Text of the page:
Where on earth do you live, under a rock?

Faith in a rock

Here’s a family who knows what it means to build their house on solid rock, or at least under one. Can you imagine having that thing hang over your head every time you go to sleep at night? But the man who dreamed of building his home and raising a family there had visited the place for years, starting as a little boy, so he knew that boulder wasn’t likely to tumble down any time soon.

He had faith in that rock’s  stability.

Faith in the Rock

The Bible uses tons of rock metaphors for God. In the Old Testament, examples are found at Deuteronomy 32:30, 1 Samuel 2:2, 2 Samuel 22, Isaiah 26:4 and 30:29, and Habakkuk 1:12. You can find many more, including Psalm 89:26-29 –

He will call out to me, ‘You are my Father,
my God, the Rock my Savior.’
And I will appoint him to be my firstborn,
the most exalted of the kings of the earth.
I will maintain my love to him forever,
and my covenant with him will never fail.
I will establish his line forever,
his throne as long as the heavens endure.

This is a prophecy about the New Covenant, the promise to bring us an eternal King who is to be our Rock and Savior. This is a promise about Jesus, who identified himself as God our Rock and Savior when he said –

Why do you call me, ‘Lord, Lord,’ and do not do what I say? As for everyone who comes to me and hears my words and puts them into practice, I will show you what they are like. They are like a man building a house, who dug down deep and laid the foundation on rock. When a flood came, the torrent struck that house but could not shake it, because it was well built. But the one who hears my words and does not put them into practice is like a man who built a house on the ground without a foundation. The moment the torrent struck that house, it collapsed and its destruction was complete. (Luke 6:46-49.)

And Peter, whom Jesus named a Stone for his faith, directed everyone’s attention to the true Rock of salvation –

Jesus is “the stone you builders rejected, which has become the cornerstone.” Salvation is found in no one else, for there is no other name under heaven given to mankind by which we must be saved. (Acts 4:11-12.)

So where are you building? Are you like that man who raised his family in the boulder? Are you resting your head each night – and your life each day – in the one true Rock and Savior? What does that look like?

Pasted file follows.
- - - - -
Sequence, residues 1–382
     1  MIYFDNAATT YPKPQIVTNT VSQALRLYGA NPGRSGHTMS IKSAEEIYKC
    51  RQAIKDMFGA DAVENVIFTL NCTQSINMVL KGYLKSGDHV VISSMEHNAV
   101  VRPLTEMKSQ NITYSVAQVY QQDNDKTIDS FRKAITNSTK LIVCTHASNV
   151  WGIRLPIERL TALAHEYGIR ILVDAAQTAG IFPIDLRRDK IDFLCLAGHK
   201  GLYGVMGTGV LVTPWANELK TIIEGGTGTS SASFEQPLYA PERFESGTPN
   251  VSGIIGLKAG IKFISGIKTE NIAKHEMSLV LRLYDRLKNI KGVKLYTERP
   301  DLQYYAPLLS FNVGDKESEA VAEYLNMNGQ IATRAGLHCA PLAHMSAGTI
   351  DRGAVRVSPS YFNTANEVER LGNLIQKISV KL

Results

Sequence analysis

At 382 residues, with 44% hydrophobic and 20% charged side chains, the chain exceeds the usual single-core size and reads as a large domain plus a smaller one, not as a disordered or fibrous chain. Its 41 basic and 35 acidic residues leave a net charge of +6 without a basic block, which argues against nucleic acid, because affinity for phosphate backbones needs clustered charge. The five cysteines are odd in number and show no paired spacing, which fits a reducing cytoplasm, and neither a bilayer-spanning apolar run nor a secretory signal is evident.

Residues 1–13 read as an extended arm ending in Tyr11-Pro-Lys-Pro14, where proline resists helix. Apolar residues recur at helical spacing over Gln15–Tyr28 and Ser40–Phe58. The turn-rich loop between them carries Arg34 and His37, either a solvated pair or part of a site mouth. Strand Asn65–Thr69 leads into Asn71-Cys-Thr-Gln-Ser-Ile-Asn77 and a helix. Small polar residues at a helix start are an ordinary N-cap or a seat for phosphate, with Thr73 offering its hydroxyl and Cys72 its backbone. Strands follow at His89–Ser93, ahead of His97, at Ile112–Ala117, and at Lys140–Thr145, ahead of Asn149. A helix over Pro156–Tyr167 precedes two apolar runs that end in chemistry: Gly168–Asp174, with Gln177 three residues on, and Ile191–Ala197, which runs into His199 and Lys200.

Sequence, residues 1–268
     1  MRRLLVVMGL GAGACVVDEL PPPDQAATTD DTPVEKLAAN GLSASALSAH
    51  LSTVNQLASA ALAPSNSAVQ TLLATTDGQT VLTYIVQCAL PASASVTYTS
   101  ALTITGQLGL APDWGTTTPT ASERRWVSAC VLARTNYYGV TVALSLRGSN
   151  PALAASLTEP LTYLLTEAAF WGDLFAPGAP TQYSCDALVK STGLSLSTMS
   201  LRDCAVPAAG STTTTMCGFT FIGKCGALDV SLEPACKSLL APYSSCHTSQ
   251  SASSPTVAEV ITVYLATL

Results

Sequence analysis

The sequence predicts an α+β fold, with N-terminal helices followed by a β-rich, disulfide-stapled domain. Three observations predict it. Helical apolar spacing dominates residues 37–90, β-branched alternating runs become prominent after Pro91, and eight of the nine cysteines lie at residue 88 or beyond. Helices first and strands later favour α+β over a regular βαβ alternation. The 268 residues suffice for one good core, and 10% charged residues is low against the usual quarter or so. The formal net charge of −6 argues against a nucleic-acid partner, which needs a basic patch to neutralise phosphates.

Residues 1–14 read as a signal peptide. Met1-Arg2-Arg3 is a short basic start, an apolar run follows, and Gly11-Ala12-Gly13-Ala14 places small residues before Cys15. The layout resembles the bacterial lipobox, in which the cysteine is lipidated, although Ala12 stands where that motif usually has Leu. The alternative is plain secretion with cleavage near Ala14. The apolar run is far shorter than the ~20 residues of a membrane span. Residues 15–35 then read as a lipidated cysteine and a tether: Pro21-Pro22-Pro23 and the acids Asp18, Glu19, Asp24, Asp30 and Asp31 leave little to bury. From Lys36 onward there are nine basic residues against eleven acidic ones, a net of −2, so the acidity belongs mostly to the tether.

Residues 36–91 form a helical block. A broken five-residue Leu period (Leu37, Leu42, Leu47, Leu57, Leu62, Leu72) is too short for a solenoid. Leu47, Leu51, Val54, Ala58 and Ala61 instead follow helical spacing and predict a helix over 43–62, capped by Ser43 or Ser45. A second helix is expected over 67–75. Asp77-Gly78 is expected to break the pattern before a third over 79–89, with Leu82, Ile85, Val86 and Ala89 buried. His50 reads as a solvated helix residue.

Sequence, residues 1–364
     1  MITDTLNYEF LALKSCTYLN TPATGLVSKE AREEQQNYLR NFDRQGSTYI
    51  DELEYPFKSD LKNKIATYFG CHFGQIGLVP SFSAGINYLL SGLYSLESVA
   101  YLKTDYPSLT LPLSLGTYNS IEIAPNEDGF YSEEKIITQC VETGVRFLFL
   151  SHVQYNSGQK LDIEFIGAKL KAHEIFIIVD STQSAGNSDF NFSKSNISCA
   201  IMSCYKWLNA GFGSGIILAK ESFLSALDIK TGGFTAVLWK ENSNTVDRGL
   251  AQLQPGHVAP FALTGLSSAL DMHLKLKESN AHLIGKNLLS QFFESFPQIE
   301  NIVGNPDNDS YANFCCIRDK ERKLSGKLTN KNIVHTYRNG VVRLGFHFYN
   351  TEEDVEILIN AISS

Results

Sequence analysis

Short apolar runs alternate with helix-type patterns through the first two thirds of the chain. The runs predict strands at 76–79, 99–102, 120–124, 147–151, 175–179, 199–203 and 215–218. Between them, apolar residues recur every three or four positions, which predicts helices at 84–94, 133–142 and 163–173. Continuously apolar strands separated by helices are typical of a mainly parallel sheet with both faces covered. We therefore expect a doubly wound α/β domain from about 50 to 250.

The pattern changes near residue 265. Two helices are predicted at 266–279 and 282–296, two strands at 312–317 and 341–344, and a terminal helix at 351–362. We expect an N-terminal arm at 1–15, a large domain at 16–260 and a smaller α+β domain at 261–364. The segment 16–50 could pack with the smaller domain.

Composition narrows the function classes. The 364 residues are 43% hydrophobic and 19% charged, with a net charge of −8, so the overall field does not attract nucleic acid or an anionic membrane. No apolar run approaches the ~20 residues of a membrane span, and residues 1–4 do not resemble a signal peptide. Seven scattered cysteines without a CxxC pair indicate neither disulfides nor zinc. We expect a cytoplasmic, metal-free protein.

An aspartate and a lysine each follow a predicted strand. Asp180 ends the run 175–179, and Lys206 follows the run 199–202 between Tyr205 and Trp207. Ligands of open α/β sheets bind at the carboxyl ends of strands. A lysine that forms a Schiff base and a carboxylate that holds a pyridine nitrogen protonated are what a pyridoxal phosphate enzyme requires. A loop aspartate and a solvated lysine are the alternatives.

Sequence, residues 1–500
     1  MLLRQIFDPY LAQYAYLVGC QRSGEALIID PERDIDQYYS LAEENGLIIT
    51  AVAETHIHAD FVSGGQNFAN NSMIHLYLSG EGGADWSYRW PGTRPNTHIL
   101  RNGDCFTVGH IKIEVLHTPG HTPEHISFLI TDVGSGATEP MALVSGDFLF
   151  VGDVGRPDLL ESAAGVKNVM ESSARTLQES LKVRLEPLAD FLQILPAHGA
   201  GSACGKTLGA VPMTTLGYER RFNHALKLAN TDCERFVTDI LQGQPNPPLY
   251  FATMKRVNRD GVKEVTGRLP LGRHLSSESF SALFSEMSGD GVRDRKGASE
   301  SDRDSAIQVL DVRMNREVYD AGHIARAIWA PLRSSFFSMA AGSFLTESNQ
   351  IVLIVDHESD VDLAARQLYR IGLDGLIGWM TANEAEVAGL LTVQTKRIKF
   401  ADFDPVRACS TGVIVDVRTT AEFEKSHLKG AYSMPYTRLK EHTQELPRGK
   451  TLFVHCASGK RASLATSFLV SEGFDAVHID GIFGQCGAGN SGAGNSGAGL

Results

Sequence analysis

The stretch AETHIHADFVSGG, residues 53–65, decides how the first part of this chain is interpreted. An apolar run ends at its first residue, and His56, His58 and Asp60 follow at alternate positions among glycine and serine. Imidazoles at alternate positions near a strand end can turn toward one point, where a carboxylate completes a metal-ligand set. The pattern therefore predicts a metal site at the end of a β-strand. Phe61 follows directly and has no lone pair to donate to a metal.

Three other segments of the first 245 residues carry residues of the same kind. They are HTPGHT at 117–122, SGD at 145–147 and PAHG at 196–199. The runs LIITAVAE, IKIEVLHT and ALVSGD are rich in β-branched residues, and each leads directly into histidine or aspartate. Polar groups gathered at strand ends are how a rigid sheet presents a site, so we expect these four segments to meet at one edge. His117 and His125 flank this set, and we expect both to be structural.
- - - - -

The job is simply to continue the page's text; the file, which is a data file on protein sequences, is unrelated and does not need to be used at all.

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9 Responses to Where on earth do you live, under a rock?

  1. sarahtun says:

    I recently told my 8 year old boy, “You can’t judge a book by it’s cover.” I meant it literally – we were discussing books and he was deciding whether he liked one or not based on the front cover.
    Even though I meant it literally, he still didn’t understand – at 8 it was too abstract (or glib).
    So can we even begin to imagine how Jesus’ metaphors must have been overwhelming to those he was speaking to?
    I love the rock-house you’ve shown us. I love metaphors. Living life is a metaphor for learning, I think. And learning, is building on solid foundation – depending of course on the study material.
    Nothing better than Biblical truths!
    Thanks for posting – again and again – Tim.

  2. Jeannie says:

    I know this isn’t quite what your post is talking about, but it made me think of Jesus’ words, “If you stop these people from praising me, the very stones will cry out.” I took my son to Sunday-School this past week (Sarah above is the kids’ worship leader — hey Sarah 😀 !) and a song was playing on the power point: “I am not forgotten; He knows my name.” My son is developmentally disabled and not that verbal but he got really excited to hear a song he knew; he started saying ,” Gotten! Gotten!” That is the rock-solid faith of a little stone praising God. It’s not based on intellectual understanding, but on God’s love and the joy of being with His people.

    • sarahtun says:

      Amen! Theology is meant for discussion and is valuable indeed. But praise is for God and is beyond our cerebral understanding. Oh we can articulate it but we needn’t. There’s the difference between our God and our own need.

    • Tim says:

      “Gotten! Gotten!” sums up quite nicely what it means to have Jesus as our Savior, Jeannie. Yay for Jesus and yay for your son!

  3. Aimee Byrd says:

    Tim, where do you find these stories?! It’s great how you connect these pictures to Scripture the way you do.

    • Tim says:

      Thanks Aimee. I’ll just be reading nbcnews.com or yahoo news or someplace like that and come across a story that makes me think of something else and pretty soon I’m seeing a scriptural application. God’s guidance overall, is what I figure. At least I hope so. In any case, I hope to honor him with it!

    • sarahtun says:

      Here, here, I agree!

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